On October 3rd, 2023, the House of Representatives removed Kevin McCarthy (R-CA) from his position of Speaker of the House, marking the first time in history that a Speaker has been voted out. Eight Republicans led the effort and were joined by the House Democrats. Representative Patrick McHenry (R-NC) was appointed as Speaker Pro Tempore, temporarily filling the role in order to preside over a new election. Legislating in the House has halted, though, until the new Speaker is in place.

There is a lot of uncertainty at the moment, since the House is in uncharted territory. It is unclear how long the election process will take, though leaders have scheduled a vote on Wednesday of this week. There are at least three candidates for the position, and it is unknown how long it will take Representatives to select a new leader. It is also uncertain whether the rules and side deals that Representative McCarthy agreed to in order to secure the Speakership in January will continue to be in effect now that he is no longer in that position.

This pause in House business means that once it’s resolved, there will be even fewer days for Congress to come to a new agreement to fund the government after the Continuing Resolution (CR) expires on November 17th. The Senate plans to try to move a package of three Appropriations bills next week, after resolving some of the holds on the “minibus” package. These bills, which have been stalled since the beginning of September, are the Military Construction, Veterans Affairs, and Related Agencies (Mil-Con); Transportation, Housing and Urban Development, and Related Agencies (THUD); and Agriculture, Rural Development, Food and Drug Administration, and Related Agencies (Ag) appropriations bills. The THUD bill includes the Family Unification Program, which funds housing vouchers for families involved in child welfare and young people transitioning from foster care to independence, and the Ag bill includes key nutrition programs such as WIC and SNAP.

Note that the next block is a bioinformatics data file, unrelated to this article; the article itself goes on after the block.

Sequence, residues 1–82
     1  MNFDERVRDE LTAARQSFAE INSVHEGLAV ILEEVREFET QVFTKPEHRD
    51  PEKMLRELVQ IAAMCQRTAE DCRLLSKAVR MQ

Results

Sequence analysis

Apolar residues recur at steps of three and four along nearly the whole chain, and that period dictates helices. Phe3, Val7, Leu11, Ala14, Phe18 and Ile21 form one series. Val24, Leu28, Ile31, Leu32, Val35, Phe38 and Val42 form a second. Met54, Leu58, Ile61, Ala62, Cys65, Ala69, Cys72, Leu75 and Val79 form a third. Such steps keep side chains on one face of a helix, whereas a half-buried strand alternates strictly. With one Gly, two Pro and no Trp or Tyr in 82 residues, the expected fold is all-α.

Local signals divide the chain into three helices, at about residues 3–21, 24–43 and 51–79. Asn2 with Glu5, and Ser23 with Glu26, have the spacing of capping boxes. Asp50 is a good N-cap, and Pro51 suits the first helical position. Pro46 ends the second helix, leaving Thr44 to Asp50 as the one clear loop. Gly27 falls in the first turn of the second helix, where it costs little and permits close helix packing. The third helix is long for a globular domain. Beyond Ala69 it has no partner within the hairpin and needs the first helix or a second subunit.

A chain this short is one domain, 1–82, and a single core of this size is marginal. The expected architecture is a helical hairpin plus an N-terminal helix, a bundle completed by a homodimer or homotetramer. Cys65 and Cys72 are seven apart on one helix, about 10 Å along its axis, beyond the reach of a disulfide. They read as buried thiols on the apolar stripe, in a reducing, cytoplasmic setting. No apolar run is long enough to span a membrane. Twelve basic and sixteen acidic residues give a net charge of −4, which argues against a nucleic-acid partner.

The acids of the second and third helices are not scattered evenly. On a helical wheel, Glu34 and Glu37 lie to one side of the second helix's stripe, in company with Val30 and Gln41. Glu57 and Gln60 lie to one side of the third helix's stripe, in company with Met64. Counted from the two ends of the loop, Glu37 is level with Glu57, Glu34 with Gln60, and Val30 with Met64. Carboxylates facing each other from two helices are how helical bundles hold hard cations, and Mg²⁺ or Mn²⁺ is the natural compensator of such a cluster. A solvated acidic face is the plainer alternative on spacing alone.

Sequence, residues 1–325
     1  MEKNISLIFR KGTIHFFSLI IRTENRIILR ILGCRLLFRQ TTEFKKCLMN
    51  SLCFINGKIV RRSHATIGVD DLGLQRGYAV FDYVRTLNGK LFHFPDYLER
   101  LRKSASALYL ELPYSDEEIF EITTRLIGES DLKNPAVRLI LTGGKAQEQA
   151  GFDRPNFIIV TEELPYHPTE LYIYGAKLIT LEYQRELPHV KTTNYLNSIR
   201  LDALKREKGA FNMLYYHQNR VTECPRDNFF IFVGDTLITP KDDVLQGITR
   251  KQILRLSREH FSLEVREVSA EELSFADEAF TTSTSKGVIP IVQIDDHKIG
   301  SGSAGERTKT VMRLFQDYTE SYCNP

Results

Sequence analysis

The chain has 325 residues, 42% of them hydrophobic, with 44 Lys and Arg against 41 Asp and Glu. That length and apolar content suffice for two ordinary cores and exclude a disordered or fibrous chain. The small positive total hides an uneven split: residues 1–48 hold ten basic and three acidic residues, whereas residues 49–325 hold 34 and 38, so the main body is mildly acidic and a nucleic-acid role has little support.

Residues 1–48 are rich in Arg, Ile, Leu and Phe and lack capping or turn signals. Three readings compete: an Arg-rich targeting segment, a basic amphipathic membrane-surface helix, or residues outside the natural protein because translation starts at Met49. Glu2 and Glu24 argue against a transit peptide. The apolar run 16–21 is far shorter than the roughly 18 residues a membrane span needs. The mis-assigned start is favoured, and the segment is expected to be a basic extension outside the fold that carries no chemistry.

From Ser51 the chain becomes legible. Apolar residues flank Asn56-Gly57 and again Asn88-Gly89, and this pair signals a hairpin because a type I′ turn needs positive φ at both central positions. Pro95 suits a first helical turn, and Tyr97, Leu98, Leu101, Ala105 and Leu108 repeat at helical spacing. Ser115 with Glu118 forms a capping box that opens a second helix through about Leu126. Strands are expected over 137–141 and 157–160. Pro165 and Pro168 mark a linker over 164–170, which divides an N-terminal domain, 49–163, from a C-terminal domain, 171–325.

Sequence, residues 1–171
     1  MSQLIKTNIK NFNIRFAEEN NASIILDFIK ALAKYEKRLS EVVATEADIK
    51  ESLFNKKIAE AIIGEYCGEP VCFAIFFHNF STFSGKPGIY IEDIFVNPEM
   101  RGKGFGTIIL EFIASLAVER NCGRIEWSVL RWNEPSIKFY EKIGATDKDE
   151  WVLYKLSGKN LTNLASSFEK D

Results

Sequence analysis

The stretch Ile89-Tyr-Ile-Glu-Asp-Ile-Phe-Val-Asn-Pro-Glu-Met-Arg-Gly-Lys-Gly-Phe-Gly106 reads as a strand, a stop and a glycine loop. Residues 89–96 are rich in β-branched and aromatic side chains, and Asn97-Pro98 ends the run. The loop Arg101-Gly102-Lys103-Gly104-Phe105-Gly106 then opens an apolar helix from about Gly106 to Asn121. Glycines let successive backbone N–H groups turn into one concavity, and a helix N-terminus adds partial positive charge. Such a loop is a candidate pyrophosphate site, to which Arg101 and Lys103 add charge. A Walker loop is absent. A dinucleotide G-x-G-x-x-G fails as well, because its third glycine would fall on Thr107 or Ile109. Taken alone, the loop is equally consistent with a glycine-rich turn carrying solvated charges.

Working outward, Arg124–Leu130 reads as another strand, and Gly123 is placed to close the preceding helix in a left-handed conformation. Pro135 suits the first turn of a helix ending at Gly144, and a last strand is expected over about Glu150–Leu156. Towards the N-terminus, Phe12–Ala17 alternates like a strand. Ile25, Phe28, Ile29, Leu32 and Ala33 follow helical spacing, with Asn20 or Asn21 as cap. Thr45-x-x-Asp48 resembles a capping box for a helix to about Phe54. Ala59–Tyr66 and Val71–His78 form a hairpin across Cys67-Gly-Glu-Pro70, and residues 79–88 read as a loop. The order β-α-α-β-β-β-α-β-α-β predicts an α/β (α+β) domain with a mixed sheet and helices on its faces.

There continues to be stark differences between House and Senate Appropriations bills; we have heard that there are even steeper cuts planned to the House Labor-HHS and Criminal Justice bills, though no new bill text has been released yet.